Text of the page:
Difference between revisions of "En-en adult card 22 sea level rise"
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*[[En-en_adult_card_19_melting_of_ice_sheets|Melting Ice Sheets]]
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*[[En-en adult card 18 melting of sea ice|Melting
*[[En-en adult card 18 melting of sea ice|Melting Sea Ice]] is not responsible for the rise of sea levels. More information on the [[Link Melting of sea ice Sea level rise|link explanation page]].
==To go further==
==To go further==
Revision as of 17:46, 30 October 2021
Card #22: Rising Sea Levels
Since 1900, sea levels have risen by 20 cm. This is caused by the thermal expansion of ocean waters and the melting of glaciers and ice sheets.
It is important to note that the forecasts for the rise in water levels are very conservative. Some phenomena, understood qualitatively but not quantitatively, are simply not quantified in the IPCC report.
This is the case for moulins, for example. Moulins, or glacier mills, are shafts that carry melted water from the surface of a glacier or an ice sheet down to the bedrock. Once the water enters these passages, it lubricates the contact between the bedrock and the ice sheet, making it easier for the glaciers to drift towards the sea.
The figures for sea level rise will therefore most likely be revised upwards in future reports.
For the US, you can use the Sea Level Rise Viewer to show the extent of the phenomenon.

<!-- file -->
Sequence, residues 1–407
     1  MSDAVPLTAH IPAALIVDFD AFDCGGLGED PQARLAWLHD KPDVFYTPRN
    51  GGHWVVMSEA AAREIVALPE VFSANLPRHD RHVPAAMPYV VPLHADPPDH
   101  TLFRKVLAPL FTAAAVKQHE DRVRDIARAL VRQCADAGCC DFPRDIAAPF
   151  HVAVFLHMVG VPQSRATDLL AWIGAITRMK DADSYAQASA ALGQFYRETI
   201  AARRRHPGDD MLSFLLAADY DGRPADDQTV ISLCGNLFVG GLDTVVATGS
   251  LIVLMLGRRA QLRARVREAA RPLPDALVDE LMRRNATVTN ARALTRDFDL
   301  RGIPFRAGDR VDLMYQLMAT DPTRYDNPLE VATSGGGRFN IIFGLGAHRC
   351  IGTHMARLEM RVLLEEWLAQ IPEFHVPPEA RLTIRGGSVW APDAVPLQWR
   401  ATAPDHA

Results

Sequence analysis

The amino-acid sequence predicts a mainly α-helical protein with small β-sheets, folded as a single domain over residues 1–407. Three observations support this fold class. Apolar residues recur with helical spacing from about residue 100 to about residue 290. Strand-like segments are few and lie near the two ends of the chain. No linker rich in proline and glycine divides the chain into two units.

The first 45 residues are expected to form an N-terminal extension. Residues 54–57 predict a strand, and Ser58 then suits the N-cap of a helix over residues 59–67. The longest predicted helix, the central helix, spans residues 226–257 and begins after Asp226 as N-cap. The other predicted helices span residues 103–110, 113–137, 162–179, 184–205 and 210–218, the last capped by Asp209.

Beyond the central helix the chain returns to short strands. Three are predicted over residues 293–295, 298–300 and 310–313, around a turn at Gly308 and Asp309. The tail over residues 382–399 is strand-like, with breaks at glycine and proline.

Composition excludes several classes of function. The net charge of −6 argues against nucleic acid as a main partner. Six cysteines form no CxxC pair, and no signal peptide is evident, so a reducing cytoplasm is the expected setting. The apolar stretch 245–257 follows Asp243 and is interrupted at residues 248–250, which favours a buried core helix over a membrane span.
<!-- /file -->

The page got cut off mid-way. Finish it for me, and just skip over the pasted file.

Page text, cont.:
- Melting Sea Ice is not responsible for the rise of sea levels. More information on the link explanation page.
To go further
- Water hardly expands. How can ocean warming of a tenth of a degree result in a rise of the water level? The quick answer is that the ocean is 4,000 metres deep on average, so a very slight expansion is enough to make it a few centimetres deeper. A more complete answer is to talk about water's expansion coefficient. It happens to depend on the temperature. Between 0 and 4°C, it is negative, i.e. the water contracts when it warms up. This value of 4°C is precisely the value of the temperature at the bottom of many lakes. This is logical because water that is either colder or warmer is lighter than water at 4°C. It is at 4°C that the water is the densest, so it ends up at the bottom. If we look at the temperature of the ocean, over all latitudes and at all depths, it varies for the most part between 0°C and 10°C, with an average value probably around 4°C. So in theory, around this value, the expansion coefficient is zero. So how much can the ocean expand? In reality, it is in areas where the water temperature is higher that the ocean expands. When the water reaches 20°C, or even much higher temperatures, several tens of metres deep, then there is reason to see water dilation in these areas. We can then imagine how difficult it is to calculate the rise in the water level: to do so, we need to know with great precision the distribution of water temperatures, including at depth, and also to know the temperature rise in certain areas.
- Another important point: the rise in water levels is due both to an increase in its mass (melting of glaciers and ice caps) and to an increase in volume (expansion of water). This increase in water volume is not homogenous: it takes place in areas where water expands, i.e. in warm areas. The water level is not horizontal! Hot water floats in relation to cold water, it's just that we rarely have the opportunity to check it.
- The melting of the cryosphere (ice caps and glaciers) has become the dominant factor in sea level rise.
About 11% of the world's population lives below 10 metres, and these areas produce 14% of domestic products.
- Valérie Masson-Delmotte, Conference in Lyon, 58'51 https://www.youtube.com/watch?v=73qkhnhbyGI&feature=youtu.be (French)
- IPCC, Special report on cryosphere and oceans